A rip-roaring blend of space opera, history, and fantasy, this is entertainment at its best…
In New York City of the prohibition era of 1920s, when the mobster Jack “Legs” Diamond is not the man to mess with, the heavyweight boxing champion Jack Dempsey is at the top of his game, and the World War heroine Edith Cavell is remembered for her valor, an alien anthropologist from a distant planet finds himself transported to Earth into the body of a bootlegger and follows clues from his broken memory to save the planet from a devastating invasion. It’s been years since the rulers of the advanced alien civilization, Dagan, lost their lives while on an excursion trip. Under Rescue Armada, a rescue mission designed on Dagan, the authorities are ready to send a massive fleet of war spaceships to Earth to bring back the crown princess Halana, who was transported to Earth into another child’s body at the time of her parents’ death. Tashan Zho, a celebrated anthropologist on Dagan, becomes a pawn in a clever game and finds himself transported to Earth. When Tashan wakes up in his host’s body, an alcoholic bootlegger Ryan Costello, he has nothing else but a small fragment of his broken memory and corrupted mission files for the clues. Tashan must take the help of Mike Kelly, the leader of a criminal gang of World War veterans, who are battling mobster Diamond for control of the lucrative bootlegging market, and rescue princess Halana before the time runs out for Earth. Brown skillfully blends space opera with history, his characters are both relatable and entertaining, and despite the heavy blend of technology and science elements, he never lets the gadgets and gizmos take over the story. Tashan is a triumph of a character, an alien of good intentions who is dogged by bad luck and Costello’s broken body: Brown makes his story both witty and enriching for the reader. Through Dagan people’s analytical interpretations of Earthlings, Brown not only examines the widespread issues of political unrest and social division on the basis of religion, race, class, riches but also adds a spark of lightheartedness and wit to the plot (“They are divided into tribes, which they call countries. Although they possess lethal projectile weapons, they only use them against each other. Their military conflicts have been regional until recently, when they engaged in a global struggle that they now refer to as the World War,” Zho explained. “The World War? That doesn’t sound harmless to me, Professor,” Arixn interjected.”). By setting part of the plot in the Craig Colony, a little-known state institution for patients with seizure disorders, the book delves deeper into the issues of human rights violations that were prevalent at the time. This is a must-read.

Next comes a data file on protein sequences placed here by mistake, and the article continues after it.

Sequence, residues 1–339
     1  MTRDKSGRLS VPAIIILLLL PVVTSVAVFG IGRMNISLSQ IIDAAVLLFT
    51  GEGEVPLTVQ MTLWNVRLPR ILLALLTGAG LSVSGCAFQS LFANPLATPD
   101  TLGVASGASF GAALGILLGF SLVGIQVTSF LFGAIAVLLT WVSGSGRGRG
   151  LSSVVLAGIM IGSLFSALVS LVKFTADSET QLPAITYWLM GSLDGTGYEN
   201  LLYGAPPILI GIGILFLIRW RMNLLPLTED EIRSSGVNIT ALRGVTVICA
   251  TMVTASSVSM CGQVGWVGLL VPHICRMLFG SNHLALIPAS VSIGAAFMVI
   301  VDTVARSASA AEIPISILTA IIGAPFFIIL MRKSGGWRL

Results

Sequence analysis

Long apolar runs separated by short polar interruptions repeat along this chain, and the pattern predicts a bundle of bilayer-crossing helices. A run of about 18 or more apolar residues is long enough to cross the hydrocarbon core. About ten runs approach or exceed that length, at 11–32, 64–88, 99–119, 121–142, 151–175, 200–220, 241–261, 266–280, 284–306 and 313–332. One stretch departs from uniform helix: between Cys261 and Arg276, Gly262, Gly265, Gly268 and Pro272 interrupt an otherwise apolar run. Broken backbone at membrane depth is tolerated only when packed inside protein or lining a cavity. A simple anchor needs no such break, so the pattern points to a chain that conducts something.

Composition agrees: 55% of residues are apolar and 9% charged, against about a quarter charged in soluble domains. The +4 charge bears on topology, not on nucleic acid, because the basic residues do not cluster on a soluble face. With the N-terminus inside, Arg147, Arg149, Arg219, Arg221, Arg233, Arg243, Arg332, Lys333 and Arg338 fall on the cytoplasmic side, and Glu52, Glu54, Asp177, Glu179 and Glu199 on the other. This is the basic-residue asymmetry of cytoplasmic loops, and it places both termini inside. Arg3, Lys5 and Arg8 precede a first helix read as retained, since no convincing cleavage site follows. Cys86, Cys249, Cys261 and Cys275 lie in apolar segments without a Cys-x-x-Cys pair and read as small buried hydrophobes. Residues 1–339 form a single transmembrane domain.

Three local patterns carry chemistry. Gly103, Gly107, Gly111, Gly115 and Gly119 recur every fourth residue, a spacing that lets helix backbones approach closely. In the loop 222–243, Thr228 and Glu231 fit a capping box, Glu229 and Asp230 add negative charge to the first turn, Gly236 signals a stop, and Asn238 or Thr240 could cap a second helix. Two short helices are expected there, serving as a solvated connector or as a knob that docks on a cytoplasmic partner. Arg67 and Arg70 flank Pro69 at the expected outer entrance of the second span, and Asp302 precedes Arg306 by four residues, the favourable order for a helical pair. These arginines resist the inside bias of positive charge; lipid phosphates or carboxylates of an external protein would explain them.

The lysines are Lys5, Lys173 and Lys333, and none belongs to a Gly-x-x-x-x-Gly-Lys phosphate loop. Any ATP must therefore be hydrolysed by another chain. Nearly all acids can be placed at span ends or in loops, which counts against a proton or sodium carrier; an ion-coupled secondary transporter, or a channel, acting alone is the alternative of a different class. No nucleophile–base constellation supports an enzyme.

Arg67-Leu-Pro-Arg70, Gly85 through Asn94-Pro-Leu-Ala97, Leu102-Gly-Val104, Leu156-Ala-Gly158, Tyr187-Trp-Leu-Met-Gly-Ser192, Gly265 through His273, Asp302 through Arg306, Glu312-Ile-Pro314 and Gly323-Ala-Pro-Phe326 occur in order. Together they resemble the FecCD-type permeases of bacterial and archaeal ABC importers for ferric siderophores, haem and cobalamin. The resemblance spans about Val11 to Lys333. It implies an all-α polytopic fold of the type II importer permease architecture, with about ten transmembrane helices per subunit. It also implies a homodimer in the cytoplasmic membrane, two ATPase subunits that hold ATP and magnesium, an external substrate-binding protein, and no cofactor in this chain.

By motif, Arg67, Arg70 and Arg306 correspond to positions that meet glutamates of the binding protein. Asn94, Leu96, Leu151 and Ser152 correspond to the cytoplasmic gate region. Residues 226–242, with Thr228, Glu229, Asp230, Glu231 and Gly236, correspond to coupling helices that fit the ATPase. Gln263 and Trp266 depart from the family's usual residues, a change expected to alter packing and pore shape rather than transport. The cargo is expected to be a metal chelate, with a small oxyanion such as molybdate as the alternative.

It Gives You Strength
By Philip Raymond Brown
Pub date August 17, 2020
Price $2.99 (USD) Kindle edition